Has the Gazette award had any impact on his practice? ‘The recognition by the Law Society has helped open doors so that I have improved access to ambassadors and other VIPs,’ he replies. ‘Having the Law Society standing behind solicitor-advocates has always been very important.’

Excellence awards categories 2014

  • Excellence in Pro Bono
  • Excellence in International Legal Services
  • Legal Sector Alliance Award for Excellence in Environmental Responsibility
  • Excellence in Client Service
  • Excellence in Marketing & Communications
  • Excellence in Business Development & Innovation
  • Excellence in Learning & Development
  • Excellence in Diversity & Inclusion
  • CQS Award for Excellence in Conveyancing Practice
  • Lexcel Award for Excellence in Practice Management
  • Legal Business Woman of the Year
  • Solicitor of the Year – In-House
  • Solicitor of the Year – Private Practice
  • Solicitor-Advocate of the Year
  • Junior Lawyer of the Year
  • Law Society Gazette Legal Personality of the Year

Full details and a nomination form are at the Excellence Awards website

Karen Todner, managing director of London criminal defence firm Kaim Todner, was Gazette Legal Personality of the Year 2012. She has also kept busy since winning the award, appearing on both radio and TV in the last few weeks to comment on proceedings to extradite her client, Marc Skinner (aka Domenico Rancadore), to Italy. Her client had been living peacefully in West London for around 20 years before the police swooped upon his suburban home and took him into custody.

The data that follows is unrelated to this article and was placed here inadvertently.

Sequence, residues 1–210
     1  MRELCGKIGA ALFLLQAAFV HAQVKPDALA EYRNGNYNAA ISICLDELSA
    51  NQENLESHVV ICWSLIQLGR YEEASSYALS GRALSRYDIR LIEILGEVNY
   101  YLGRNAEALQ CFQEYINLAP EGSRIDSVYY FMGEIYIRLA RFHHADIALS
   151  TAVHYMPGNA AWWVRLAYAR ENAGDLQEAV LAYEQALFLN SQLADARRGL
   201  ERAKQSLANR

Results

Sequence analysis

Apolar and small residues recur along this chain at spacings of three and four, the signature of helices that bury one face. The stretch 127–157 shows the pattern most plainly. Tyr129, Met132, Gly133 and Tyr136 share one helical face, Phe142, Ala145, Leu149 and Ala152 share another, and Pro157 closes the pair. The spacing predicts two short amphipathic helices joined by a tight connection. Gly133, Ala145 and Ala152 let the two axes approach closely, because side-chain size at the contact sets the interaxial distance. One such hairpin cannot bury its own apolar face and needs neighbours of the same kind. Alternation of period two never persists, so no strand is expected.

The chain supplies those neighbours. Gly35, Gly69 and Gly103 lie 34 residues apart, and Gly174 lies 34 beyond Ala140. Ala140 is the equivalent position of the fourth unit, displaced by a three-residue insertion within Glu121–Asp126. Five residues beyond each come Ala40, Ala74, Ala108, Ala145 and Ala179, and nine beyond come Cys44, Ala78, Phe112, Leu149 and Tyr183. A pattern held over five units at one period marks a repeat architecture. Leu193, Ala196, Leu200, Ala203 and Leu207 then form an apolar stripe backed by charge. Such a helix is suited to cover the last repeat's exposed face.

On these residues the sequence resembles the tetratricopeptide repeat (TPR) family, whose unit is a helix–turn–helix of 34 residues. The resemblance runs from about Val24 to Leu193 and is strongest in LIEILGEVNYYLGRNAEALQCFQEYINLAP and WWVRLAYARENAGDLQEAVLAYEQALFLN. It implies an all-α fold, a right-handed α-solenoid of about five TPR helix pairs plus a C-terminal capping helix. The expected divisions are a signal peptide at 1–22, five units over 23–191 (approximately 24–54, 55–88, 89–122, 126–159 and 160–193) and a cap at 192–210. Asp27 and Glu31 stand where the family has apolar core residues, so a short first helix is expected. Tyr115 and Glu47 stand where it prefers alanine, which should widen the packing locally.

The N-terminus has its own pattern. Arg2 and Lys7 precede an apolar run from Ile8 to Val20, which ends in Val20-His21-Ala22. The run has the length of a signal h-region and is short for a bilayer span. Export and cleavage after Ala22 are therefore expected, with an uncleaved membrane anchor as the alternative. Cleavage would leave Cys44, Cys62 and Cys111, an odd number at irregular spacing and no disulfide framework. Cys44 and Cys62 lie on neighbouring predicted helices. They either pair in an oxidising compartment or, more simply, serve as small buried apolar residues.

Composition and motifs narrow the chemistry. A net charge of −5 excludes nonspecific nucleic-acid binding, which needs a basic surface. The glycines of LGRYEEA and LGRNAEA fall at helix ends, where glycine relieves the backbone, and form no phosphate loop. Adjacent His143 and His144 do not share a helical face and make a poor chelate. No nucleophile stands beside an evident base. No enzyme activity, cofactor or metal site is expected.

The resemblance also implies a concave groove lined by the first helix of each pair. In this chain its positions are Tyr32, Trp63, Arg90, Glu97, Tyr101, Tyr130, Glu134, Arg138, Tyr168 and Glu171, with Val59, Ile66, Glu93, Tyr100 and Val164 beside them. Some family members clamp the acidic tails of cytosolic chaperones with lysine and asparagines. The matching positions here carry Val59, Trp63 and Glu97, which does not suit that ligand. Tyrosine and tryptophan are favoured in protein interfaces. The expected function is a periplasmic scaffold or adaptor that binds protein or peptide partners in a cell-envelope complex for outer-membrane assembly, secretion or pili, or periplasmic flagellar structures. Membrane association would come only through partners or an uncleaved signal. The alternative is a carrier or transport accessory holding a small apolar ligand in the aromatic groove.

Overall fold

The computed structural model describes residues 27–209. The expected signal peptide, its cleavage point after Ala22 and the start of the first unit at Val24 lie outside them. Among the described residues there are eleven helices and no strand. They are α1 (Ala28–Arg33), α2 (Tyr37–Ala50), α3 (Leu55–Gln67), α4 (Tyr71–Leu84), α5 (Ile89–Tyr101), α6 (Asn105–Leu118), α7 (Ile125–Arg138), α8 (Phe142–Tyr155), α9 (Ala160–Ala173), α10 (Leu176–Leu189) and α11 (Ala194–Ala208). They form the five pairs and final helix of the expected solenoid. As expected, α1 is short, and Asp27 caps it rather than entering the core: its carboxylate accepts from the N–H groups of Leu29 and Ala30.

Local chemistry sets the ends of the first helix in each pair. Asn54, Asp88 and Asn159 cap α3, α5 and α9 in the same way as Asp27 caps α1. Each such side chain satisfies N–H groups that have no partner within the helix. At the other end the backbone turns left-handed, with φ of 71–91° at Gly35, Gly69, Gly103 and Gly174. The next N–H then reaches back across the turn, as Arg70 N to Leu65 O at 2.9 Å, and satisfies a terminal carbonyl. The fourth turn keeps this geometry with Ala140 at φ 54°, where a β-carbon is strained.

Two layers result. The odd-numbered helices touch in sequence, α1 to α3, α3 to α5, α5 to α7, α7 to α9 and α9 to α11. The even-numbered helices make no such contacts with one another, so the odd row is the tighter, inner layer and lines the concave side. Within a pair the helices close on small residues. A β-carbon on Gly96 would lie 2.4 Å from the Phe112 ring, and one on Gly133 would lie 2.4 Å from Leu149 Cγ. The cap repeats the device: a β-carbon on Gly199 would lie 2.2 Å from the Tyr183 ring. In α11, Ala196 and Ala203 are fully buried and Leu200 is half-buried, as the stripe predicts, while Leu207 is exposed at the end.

The Italian police allege that he is a member of the Sicilian mafia and, in that capacity, has previously engaged in extortion, racketeering and drug trafficking. He denies all charges, claiming that he left Italy precisely to escape any involvement with organised crime.

Todner’s 2012 award also focused on extradition proceedings: she acted for ‘Pentagon hacker’ Gary McKinnon, who has Asperger’s syndrome and a depressive illness. McKinnon faced up to 60 years in a US prison if extradited and found guilty. Todner won the case to prevent his extradition.

Last year’s winner was Elkan Abrahamson, partner and head of prison law at Liverpool firm Broudie Jackson Canter. His caseload over the last 30 years has courted controversy, with cases advocating prisoners’ rights to voting, condoms and artificial insemination. He also defended alleged rioters in the Toxteth disturbances of 1981.

It was Abrahamson’s untiring work on the 1989 Hillsborough disaster – he is still acting for 19 of the victims’ families – that caught the attention of the 2013 Gazette award’s judges. The tragedy unfolded during an FA Cup semi-final match, at which 96 Liverpool supporters died. Successive inquiries have failed to come up with a proper explanation for the disaster, although the finger of blame is increasingly being directed at errors committed by the police, other emergency services and the management of the Hillsborough football ground.

Abrahamson was at the High Court in December 2012 when it quashed all the original inquest verdicts and ordered new inquests to be carried out. ‘The original inquests were a charade,’ he says. ‘They proceeded on an artificial cut-off point, accepted pathologists’ evidence which has now been discredited and police evidence which was fabricated.’

What does he hope to gain from the fresh inquests? ‘The families have struggled for so long to get at the truth and just want to know why their loved ones died,’ Abrahamson said. ‘The survivors, too, were all injured in some way and are still having flashbacks and suffering from post-traumatic stress disorder. They deserve the truth, but nothing substantial is going to happen, maybe just a few sacrificial lambs.’

So there you have it: two criminal solicitors, one civil litigator and a prison law solicitor have so far won the Gazette Legal Personality of the Year Award. There are many other categories, as listed above. Put in your nomination and help ring the changes!

Jonathan Rayner is Gazette staff writer